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Bulls close to disappearing at hands of Wizards
by Sam Smith
Posted on Apr 27
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As playoff slogans go, the Bulls have completed half. They’re going home after Sunday’s discouraging 98-89 Game 4 loss to the Washington Wizards. Now the Bulls have to win.
“You can’t put it on any one guy,” said Bulls coach Tom Thibodeau as his team was badly outplayed, especially from the start, for the fourth consecutive game. “It’s our team, and readiness to play is me. They have to do their job, and they have to get out there and they have to execute. I have to get them ready and so that’s disappointing. It’s got to change or our season will be over.”
That will come Tuesday in the United Center unless the Bulls win as they trail the young, upstart Wizards 3-1 in the first round playoff series.
And it’s not like it’s been a fluke.
The Wizards have essentially outplayed the Bulls virtually all four games, even Sunday with the Wizards’ star of the first two games, Nene, suspended for a dustup with Jimmy Butler in Game 3. It suggested the Bulls could get right back in the series and retake the home court edge going back to Chicago.
Instead, the Wizards led by Trevor Ariza with a playoff career-high 30 points and franchise equaling best six three-pointers jumped on the Bulls from the start by leading 14-0 less than four minutes into the game. Led by Taj Gibson’s rugged play and career-best 32 points, the Bulls got within four points midway through the second quarter with the Wizards’ other big men, Marcin Gortat and Trevor Booker, both getting into foul trouble. But the Bulls couldn’t take advantage with the Wizards remaining the aggressors, John Wall with a steal for a fast break score to start a 13-4 run over the next three minutes. It was one of 16 Washington fast break points to two for the Bulls.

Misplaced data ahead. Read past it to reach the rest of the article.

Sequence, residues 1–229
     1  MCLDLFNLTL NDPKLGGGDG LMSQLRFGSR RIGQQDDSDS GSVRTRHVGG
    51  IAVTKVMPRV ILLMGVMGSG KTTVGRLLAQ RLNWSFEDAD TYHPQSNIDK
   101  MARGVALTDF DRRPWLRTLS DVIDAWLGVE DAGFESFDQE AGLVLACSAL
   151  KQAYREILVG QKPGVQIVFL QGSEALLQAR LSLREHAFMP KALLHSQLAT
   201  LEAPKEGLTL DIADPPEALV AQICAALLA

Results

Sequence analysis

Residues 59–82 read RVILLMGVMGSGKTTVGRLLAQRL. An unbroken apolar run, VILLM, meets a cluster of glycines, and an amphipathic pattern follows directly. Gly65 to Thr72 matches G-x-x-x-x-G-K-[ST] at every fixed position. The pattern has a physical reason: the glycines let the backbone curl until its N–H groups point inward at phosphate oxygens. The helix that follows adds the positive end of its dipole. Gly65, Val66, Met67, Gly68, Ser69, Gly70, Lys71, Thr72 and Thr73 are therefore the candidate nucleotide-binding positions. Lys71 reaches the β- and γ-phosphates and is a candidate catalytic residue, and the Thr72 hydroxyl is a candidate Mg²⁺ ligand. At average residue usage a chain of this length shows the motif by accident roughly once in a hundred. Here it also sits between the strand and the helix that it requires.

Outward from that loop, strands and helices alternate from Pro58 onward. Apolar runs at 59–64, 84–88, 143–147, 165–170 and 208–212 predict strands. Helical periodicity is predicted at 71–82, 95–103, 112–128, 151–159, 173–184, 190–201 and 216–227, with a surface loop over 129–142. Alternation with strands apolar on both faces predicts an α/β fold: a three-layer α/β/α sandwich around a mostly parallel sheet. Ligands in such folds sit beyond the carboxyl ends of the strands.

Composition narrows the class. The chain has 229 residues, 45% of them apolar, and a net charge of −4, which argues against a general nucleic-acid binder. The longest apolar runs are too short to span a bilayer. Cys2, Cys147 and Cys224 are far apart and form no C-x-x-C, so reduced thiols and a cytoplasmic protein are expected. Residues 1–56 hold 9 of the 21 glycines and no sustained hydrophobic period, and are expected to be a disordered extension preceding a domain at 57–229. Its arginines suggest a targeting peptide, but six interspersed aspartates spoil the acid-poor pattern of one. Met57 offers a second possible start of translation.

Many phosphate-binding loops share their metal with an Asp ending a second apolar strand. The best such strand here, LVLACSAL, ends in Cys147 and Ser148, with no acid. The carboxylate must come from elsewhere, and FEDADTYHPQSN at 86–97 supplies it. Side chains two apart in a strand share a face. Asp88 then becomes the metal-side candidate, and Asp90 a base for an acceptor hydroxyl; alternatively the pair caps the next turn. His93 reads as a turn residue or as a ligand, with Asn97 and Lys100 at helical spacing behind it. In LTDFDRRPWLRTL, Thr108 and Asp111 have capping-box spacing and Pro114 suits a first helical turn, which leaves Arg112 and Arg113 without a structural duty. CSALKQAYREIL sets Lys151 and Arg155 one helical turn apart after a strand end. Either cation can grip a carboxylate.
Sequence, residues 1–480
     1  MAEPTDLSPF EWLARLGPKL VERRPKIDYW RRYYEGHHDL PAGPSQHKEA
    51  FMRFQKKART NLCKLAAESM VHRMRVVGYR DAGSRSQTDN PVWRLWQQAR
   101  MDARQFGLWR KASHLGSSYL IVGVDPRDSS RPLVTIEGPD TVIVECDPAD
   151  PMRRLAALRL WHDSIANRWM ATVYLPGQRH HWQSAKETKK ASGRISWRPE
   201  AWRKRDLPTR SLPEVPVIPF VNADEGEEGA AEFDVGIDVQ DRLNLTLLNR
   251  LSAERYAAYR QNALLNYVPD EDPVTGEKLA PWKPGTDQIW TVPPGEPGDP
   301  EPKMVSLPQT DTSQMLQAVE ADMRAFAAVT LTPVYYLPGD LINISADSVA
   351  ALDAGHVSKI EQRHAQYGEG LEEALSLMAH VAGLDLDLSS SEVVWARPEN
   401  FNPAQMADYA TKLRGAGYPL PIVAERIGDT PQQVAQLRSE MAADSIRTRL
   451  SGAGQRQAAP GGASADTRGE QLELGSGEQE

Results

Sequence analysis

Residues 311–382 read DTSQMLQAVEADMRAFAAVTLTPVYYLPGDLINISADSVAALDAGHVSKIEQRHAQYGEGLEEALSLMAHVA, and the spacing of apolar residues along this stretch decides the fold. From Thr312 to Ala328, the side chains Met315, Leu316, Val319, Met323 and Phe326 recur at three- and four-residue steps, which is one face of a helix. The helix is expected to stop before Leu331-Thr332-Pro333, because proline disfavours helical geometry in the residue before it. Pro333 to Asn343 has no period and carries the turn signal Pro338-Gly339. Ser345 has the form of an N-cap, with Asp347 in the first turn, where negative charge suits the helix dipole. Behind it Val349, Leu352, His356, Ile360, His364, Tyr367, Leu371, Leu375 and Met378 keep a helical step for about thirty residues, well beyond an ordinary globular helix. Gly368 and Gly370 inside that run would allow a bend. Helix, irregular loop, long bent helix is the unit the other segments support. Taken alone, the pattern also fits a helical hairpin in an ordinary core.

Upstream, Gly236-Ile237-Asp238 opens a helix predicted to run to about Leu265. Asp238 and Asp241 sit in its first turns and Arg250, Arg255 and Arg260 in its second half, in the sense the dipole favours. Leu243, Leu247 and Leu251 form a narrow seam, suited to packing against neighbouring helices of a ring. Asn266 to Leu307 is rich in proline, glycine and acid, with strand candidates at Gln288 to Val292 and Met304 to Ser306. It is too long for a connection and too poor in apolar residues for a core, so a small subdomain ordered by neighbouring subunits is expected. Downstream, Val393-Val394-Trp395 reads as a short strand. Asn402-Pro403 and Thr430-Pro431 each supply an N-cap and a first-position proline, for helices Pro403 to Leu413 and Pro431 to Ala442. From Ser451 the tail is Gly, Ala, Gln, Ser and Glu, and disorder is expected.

The Bulls committed 16 turnovers for a staggering 29 Washington points, second most the Bulls have given up this season. Washington committed just six turnovers, the fewest the Bulls have forced all season. This isn’t Bob Cousy or Magic Johnson with the ball. It suggests a tired, overwhelmed Bulls team that is being outworked.
The Wizards would go on to lead 55-40 at halftime as the Bulls were fooled on a halftime buzzer beating three from Ariza. And then the Wizards made the Bulls disappear after halftime in running up a 20-point lead after three and allowing the Bulls to get it briefly under 10 with about two minutes remaining in a game the Bulls never led.
“Got to move on; got to watch film,” said Gibson, who was spectacular in dominating the inside, shooting 13 of 16 off the bench.
According to ESPN Stats, Gibson is the first Bulls player with at least 30 points and five rebounds off the bench in a playoff game since starters and subs were first tracked in 1970.
“You’ve got to understand you’ve got to come out the right way,” said Gibson. “Look at how we played last year. It’s really about the quickest to four; we had Brooklyn down 3-1 and they fought back. We have to have that same mentality; it’s a one game at a time mentality. It’s hard because you have to see these guys every game; you know what they are going to do. They know what you are going to do. It comes down to will and determination.
“We just follow Thibs’ lead,” said Gibson. “He watches film night and day; we trust what he says. We just have to come out with the right energy. The main thing is energy to start the game. Look at how we beat them the last game of the regular season. We really jumped on them. Look at how the playoffs have gone; they are coming out with the right mentality, really jumping on us early and really putting us in big holes early and that’s a lot of energy you use in the late third and fourth quarters when their bench comes in full of energy. It’s a slugfest. They beat us to the punch.”